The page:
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Procurement in a Nutshell – Procurement Act 2023 – Teckal & Hamburg Exemption

This Nutshell will analyse the new obligations on contracting authorities in relation to the Teckal & Hamburg Exemption, drawing attention to any key changes from previous procurement legislation which contracting authorities ought to be aware of.


On 26th October 2023 the Procurement Bill received Royal Assent and is now expected to come into force in October 2024.

The Act will, in particular, revoke the following:

  • Public Contracts Regulations 2015 (PCR)
  • Concession Contracts Regulations 2016
  • Utilities Contracts Regulations 2016

What’s new?

Schedule 2 of the Act sets out contracts which are exempt from the new Procurement Act. This list is similar to that which is currently set out in Regulation 10 of the PCR, including (among others):

  • Contracts for the Acquisition of Land and Buildings
  • Broadcasting Contracts
  • Alternative Dispute Resolution
  • Employment Contracts
  • Emergency Services
  • Research and Development Services
  • National Security
  • Intelligence and Defence

The ‘vertical exemption’ at paragraph 2 of Schedule 2 replicates the exemption at Regulation 12(1) – 12(6) of the PCR (often referred to as the ‘Teckal’ exemption). This exemption allows a contracting authority, that is a public authority, to award a contract within its ‘corporate family’ and vice versa, for example, between the contracting authority (‘parent(s)’) and its subsidiary (‘child(ren)’).

The primary test to be met as set out in Schedule 2 is that there is a relationship of ‘control’ between the parties to the contract. ‘Control’ is satisfied, under Schedule 2 paragraphs 2(2) and 2(3), when:

  • The contracting authority is a parent undertaking
  • No person other than the authority, or authorities, exerts a decisive influence on the activities of the controlled entity (either directly or indirectly),
  • The controlled entity carries out more than 80% of its activities for the contracting authority (the ‘activity threshold’).

A person is not to be regarded as controlled by a contracting authority if any person that is not a public authority holds shares in the person.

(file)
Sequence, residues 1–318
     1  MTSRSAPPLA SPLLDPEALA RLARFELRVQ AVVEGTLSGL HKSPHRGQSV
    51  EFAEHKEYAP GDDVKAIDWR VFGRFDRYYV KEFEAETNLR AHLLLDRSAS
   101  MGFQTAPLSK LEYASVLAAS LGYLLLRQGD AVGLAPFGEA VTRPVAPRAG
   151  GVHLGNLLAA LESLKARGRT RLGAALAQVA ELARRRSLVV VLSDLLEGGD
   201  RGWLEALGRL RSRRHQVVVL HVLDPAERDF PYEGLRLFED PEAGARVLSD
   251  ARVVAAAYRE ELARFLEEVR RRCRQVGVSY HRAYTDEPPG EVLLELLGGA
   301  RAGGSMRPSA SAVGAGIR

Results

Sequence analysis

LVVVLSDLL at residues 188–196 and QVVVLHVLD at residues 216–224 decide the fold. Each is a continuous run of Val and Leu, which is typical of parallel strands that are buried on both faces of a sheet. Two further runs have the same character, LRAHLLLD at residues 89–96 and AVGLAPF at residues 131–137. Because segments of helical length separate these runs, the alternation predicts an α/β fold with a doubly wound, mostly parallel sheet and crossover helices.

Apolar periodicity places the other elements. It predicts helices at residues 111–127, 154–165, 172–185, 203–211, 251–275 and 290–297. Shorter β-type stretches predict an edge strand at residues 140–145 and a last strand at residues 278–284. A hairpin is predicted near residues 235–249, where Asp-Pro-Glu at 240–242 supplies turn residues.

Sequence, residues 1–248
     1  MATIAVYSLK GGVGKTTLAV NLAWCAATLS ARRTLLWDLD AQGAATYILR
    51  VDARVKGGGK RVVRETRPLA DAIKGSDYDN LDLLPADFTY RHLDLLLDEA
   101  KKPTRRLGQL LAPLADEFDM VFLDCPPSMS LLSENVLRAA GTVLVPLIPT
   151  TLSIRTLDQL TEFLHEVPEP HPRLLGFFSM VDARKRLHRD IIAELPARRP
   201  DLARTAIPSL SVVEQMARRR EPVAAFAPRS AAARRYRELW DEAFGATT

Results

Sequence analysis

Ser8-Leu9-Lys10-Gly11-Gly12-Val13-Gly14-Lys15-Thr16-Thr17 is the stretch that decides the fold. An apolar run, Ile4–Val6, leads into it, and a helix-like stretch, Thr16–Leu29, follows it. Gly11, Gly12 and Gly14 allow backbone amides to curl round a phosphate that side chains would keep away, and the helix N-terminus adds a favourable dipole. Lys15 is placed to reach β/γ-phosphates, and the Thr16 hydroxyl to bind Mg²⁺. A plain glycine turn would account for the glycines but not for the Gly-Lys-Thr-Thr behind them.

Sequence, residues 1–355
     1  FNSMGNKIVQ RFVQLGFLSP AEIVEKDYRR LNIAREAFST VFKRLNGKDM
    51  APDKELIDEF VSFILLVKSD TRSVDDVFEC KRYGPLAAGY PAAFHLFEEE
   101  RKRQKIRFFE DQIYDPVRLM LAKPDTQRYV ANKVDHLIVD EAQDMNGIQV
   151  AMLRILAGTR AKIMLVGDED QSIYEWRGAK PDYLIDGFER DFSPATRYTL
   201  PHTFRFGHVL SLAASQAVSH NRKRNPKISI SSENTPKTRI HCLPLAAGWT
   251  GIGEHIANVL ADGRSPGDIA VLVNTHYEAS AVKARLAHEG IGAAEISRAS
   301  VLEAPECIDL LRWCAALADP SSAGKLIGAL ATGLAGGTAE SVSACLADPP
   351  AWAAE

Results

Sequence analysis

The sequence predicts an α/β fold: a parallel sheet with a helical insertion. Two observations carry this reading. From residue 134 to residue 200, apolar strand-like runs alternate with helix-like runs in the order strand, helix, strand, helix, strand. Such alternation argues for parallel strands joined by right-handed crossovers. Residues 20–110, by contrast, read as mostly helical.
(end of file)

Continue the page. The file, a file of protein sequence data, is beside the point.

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The ‘horizontal exemption’ at paragraph 3 of Schedule 2 replicates the exemption at Regulation 12(7) of the PCR (often referred to as the ‘Hamburg’ exemption). This exemption allows a contracting authority to award a contract to another contracting authority provided various tests are met.

The first test is that the parties are ‘cooperating’ to achieve common objectives in carrying out their public functions and the arrangement is solely in the public interest. The second test is an ‘activity threshold’. This requires that no more than 20% of the activities are intended to be carried out for other (non-public) purposes.

The draft statutory instrument establishes how the ‘activity threshold’ for both the horizontal and vertical exemptions will be calculated, which should replicate the effect of Regulation 12(8) and (9) of the PCR, namely that the average total turnover for the 3 years preceding the contract award is considered.

What’s changed?

There is very little change between the PCR and the Procurement Act in relation to exempt contracts, specifically regarding the Teckal and Hamburg exemption.

What does this mean?

The similarities between the PCR and the Act is a key benefit for contracting authorities as it will minimize the changes, and therefore the adjustments needed, following the introduction of the new legislation.

For further information please contact Melanie Pears or Tim Care in our Public Sector Team

Please note that this briefing is designed to be informative, not advisory and represents our understanding of English law and practice as at the date indicated. We would always recommend that you should seek specific guidance on any particular legal issue.

This page may contain links that direct you to third party websites. We have no control over and are not responsible for the content, use by you or availability of those third party websites, for any products or services you buy through those sites or for the treatment of any personal information you provide to the third party.

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